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Coordinates: 05°57′41″N 10°09′06″E / 5.96139°N 10.15167°E / 5.96139; 10.15167
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Bamenda from the mountain road into town
Bamenda from the mountain road into town
Bamenda is located in Cameroon
Map of Cameroon showing the location of Bamenda
Coordinates: 05°57′41″N 10°09′06″E / 5.96139°N 10.15167°E / 5.96139; 10.15167
 • MayorAchobang Tambeng Paul
1,614 m (5,295 ft)
 (2012 (predicted))[1] urban population [citation needed]
 • City348,766
 • Urban
Time zoneUTC+1 (WAT)
WebsiteOfficial website

Bamenda, also known as Abakwa and Mankon Town,[2] is a city in northwestern Cameroon and capital of the Northwest Region. The city has a population of about six hundred thousand people[citation needed] and is located 366 km (227 mi) north-west of the Cameroonian capital, Yaoundé. Bamenda is known for its cool climate and scenic hilly location.


Bamenda, 1965

Colonial era


The origins of the city are related to the settlement of the Tikar people who culturally forged and maintained relations with the Kingdom of Bamum in the 1700s.[3] In 1884, the city was colonized by Germany until 1916 when it became a colony administered by Great Britain and France.[4] In 1919, the administration of Northwest Region and thus the city of Bamenda became only British. In 1961, the region joined the Cameroon.[5]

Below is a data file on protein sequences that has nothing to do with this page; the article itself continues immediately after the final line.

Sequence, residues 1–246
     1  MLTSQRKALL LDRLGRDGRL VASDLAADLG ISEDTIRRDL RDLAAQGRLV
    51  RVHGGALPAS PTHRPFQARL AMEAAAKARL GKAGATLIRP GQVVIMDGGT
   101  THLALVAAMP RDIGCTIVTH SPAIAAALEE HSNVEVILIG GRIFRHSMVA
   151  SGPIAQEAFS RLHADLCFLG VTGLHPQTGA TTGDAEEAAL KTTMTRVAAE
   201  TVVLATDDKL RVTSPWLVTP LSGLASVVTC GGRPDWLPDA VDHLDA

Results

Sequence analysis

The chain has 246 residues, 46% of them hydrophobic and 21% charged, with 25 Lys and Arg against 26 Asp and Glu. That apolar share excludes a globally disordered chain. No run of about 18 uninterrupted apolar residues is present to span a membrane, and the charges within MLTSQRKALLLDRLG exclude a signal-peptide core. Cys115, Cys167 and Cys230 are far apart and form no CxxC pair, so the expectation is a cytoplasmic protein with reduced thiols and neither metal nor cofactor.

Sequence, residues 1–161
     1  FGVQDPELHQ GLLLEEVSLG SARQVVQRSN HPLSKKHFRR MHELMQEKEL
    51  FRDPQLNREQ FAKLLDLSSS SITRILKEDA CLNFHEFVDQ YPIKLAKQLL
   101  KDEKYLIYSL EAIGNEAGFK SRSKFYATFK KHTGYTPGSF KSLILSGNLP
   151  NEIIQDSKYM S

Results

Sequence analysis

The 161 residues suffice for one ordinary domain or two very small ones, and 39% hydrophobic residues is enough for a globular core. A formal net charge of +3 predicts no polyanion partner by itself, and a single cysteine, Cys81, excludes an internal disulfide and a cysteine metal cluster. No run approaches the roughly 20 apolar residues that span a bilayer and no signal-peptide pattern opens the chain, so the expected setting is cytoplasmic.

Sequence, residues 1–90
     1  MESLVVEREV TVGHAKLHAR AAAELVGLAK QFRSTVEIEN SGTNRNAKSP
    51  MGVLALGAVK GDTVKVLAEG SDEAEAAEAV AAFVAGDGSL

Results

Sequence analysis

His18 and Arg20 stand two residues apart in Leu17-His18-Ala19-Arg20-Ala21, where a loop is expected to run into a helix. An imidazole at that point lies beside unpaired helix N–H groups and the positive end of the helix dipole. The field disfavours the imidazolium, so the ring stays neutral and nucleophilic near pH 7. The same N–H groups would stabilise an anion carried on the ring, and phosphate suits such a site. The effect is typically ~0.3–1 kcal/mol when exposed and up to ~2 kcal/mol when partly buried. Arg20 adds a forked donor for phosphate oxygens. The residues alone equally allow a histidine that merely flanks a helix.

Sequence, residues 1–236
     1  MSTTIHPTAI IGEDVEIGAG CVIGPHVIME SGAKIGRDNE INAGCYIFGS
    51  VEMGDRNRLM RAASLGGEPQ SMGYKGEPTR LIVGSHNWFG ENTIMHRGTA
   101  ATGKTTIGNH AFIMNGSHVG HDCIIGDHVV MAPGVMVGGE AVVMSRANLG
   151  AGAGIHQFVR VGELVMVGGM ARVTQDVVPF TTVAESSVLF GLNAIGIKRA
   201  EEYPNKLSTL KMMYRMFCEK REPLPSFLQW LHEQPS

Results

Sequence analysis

Ambazonian aspirations


Many of the city's inhabitants are English-speaking, and Cameroonian Pidgin English is the main language spoken in the shops and on the streets of Bamenda. For over four years, there has been an insurgency due to political tussles created by secessionist faction known as the Southern Cameroons Liberation Council, a united front consisting of separatists aiming for an independent Ambazonian state.[6] In September 2020, Cameroon launched Operation Bamenda Clean to expel separatist militias from the city.[7]

Metropolitan area


The city is made up of 3 villages; Bamendakwe, Mankon and Nkwen classified as Bamenda I II and III sub-divisions respectively for administrative reasons. However, it is surrounded by other suburban areas and villages like Bambui, Akum, Bafut, Bali, Chombah and Mbatu. These suburban areas and villages are fast growing and sometimes considered as part of Bamenda.